Once again, I’m not sure what to write about. I was up late last night finishing off a eulogy for a funeral this morning, and getting a grant application together for our HIV/AIDS retreat in June (the deadline to get it in is today.) So I’m tired. I ate cookies and cereal late at night to keep me going and this morning I feel bloated. Now I’m working on my second cup of coffee, hoping it will help clear out the brain fog.

Perhaps I should reach down into the ocean of memories of the past and pull out a fish to fry. I try this and the only fish biting are the ones I’ve caught way to many times before, so I throw them back, worrying about sounding redundant, or morose, or boastful, or overly revealing, or just plain tedious (which is what this essay is already beginning to sound to my ear.)

The brain needs to get still.

Maybe it is time to pray. O God who has placed me in this awe-inspiring mystery which is life, awaken me from my sleep walk. The days roll on and on, and too soon the day of regret will come wherein I will wish that I could be back in the days that were squandered, and this time around to truly savor them.  Allow me, O God, to see beyond the million and one ways I hide the lamp under the bushel, masking the mystery and grandeur of it all.  Amen.

I am alive and this day is meant for more than meeting deadlines.

When I was young, there would be days when I would awaken in the morning, and the awesome wonder of simply being alive would strike me with stunning force, as though the vast majority of the time I had somehow simply missed it. In milder ways, I approach that same experience at times as an adult as well.

A memory: my family left Mississippi when I was only five to move north to Long Island, then to New Jersey, never again to return other than for a couple of short vacation trips. I remember going back when I was maybe eight for a summertime visit of a week or two, staying on the very same street where I had lived the first five years of my life. (Buckley Drive.) The time of the visit wasn’t perfect — I think I had quarreled with neighborhood children with which I had once lived — but when the time came to leave and head back north, a great sadness came over me, and I cried, homesick for something the street represented — the innocence, I suspect of not yet being six.

I would not return there again until I was 21, when, having completed four years of college and intent on spending some time as an adventurer, I hitch hiked all the way to Mississippi. My mother’s cousins still lived on that same street, so I stayed with them. I remember walking slowly down the street, looking at the houses. It was November and the street was empty; the children who lived there, if there were any, were all off at school. Everything seemed so small in contrast to the memories of my childhood.  I remember looking at one particular house and hearing an old woman’s voice coming out of it; her face was hidden from me behind some veiled window.  She said something like, “What are you looking for?” I suspect she feared I was casing the house for a burglary. I said that I had once lived on the street and was just back visiting. She asked me my name, and when I told her, she said something like, “I never heard of that name living here before.”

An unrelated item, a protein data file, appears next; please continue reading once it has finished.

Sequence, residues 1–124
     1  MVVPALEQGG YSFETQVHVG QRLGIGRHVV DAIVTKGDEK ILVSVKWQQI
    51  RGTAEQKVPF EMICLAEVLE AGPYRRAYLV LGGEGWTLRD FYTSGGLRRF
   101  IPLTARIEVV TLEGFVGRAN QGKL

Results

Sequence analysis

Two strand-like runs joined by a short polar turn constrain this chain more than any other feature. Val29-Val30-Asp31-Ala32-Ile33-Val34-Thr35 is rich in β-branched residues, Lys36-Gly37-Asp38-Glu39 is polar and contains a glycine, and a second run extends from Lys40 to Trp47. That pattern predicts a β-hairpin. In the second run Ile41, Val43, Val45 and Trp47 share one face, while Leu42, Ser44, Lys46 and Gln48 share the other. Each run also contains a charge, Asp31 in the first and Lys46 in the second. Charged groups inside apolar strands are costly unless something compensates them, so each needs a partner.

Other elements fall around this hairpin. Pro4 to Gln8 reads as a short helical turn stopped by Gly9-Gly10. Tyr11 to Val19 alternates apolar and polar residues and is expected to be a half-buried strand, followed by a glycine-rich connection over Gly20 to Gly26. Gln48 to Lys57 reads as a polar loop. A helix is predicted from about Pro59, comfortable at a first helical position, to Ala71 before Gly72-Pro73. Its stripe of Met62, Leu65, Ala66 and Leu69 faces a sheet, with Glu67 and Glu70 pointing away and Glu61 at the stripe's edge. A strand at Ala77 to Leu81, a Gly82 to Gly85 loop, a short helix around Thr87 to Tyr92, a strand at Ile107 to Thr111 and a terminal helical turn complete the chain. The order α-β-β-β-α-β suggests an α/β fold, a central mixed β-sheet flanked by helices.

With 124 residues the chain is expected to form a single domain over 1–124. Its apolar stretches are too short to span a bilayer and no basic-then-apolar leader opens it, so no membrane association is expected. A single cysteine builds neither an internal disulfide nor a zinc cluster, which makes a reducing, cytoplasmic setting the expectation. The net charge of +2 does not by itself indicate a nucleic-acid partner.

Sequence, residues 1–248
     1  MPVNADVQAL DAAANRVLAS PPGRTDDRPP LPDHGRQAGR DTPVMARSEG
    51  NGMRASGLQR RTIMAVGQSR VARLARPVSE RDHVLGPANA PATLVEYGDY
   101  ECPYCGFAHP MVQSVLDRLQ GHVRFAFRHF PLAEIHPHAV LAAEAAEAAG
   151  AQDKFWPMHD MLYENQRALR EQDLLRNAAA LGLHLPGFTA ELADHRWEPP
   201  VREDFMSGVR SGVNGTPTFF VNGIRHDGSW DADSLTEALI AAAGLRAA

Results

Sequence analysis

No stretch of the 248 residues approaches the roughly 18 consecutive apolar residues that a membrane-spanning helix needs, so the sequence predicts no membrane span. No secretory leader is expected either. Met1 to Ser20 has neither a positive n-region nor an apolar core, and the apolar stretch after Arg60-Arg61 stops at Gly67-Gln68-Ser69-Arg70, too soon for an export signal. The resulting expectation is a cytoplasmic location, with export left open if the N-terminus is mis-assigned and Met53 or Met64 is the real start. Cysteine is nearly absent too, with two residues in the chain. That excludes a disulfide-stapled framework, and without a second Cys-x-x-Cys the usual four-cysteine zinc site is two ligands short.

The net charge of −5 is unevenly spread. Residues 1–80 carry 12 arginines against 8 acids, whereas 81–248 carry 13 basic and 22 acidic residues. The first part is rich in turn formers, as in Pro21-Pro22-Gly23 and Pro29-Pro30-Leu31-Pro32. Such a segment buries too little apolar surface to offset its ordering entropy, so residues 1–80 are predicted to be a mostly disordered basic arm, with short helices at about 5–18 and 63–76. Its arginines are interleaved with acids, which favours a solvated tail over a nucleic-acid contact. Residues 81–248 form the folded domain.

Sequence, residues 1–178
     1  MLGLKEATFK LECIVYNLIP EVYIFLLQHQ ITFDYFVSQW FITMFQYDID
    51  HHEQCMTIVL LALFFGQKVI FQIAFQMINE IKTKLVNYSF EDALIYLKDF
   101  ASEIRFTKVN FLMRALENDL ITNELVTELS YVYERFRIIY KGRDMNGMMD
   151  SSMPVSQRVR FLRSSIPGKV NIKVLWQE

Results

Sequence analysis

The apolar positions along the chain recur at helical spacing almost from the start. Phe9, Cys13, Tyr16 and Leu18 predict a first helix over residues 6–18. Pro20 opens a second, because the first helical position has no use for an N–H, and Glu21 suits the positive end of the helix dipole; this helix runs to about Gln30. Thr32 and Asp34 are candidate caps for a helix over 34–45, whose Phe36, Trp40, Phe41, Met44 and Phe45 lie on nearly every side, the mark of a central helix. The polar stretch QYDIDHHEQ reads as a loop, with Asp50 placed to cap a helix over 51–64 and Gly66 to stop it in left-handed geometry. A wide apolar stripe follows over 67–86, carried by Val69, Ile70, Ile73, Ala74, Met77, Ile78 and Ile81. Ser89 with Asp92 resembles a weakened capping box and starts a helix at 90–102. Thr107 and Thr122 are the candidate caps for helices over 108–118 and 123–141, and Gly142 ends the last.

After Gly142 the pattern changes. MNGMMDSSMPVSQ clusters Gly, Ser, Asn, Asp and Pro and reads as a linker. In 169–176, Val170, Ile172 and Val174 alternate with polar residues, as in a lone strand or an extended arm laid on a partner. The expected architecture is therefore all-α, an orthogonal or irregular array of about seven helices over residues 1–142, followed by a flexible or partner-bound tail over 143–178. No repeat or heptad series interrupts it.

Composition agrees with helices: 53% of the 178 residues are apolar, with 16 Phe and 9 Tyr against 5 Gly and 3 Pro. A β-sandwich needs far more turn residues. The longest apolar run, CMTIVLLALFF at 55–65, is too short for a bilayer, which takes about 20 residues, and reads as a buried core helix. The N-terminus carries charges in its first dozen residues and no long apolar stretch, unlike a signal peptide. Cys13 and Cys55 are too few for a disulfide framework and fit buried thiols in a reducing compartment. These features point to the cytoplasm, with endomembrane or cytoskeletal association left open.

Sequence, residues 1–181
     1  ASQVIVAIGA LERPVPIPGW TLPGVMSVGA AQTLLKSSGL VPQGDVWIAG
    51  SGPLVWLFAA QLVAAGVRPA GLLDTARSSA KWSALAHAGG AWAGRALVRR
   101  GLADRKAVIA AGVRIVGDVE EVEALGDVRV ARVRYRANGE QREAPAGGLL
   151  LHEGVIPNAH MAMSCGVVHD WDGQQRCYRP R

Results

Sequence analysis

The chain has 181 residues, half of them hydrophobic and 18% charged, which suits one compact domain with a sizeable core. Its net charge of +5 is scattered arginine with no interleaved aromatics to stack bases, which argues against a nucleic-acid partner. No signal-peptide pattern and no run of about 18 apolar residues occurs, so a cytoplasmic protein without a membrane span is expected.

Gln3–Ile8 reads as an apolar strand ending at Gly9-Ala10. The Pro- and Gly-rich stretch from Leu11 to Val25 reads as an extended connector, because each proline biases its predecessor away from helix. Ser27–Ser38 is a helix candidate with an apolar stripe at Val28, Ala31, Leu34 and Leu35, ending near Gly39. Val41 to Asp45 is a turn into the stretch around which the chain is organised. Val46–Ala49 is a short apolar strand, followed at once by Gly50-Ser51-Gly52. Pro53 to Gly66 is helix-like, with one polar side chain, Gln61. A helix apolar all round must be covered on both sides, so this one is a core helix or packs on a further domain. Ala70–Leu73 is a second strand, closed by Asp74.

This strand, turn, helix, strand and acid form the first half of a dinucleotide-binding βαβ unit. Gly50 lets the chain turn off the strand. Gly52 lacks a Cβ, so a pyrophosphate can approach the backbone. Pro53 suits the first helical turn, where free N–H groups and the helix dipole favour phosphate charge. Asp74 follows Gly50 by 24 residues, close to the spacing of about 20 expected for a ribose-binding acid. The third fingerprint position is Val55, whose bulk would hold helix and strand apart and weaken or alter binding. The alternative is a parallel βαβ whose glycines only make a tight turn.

The couple of days I spent with my relatives happened to include my birthday, a fact I didn’t let on since it seemed rude to show up and announce to my hosts that I was having a birthday, obliging them to celebrate it somehow. So my birthday passed without acknowledgement, adding to my sense of being a wayfaring stranger.

I had set off on this trip because I wanted to see myself as brave adventurer, but mostly I just felt homesick.

God who gave me life, my home is with you, and all homesickness points me back to you.  As I sojourn in this world, help me to feel your presence. As I wander, let me not sleep walk. It truly is good to be alive.  Amen.


I wonder if anybody has noticed that if you read my blog early in the day, and then go back to it again later, the wording in places may have changed in subtle ways. This is because I re-read what I have written and decide it would be better said somewhat differently, and so I re-edit my words. When writing, when I have nothing new to say, I find I can stay engaged in the process by endlessly editing what I have already written, and who knows? maybe something will occur to me that is new, fresh, awakened.  If not, at least I can polish the silverware.

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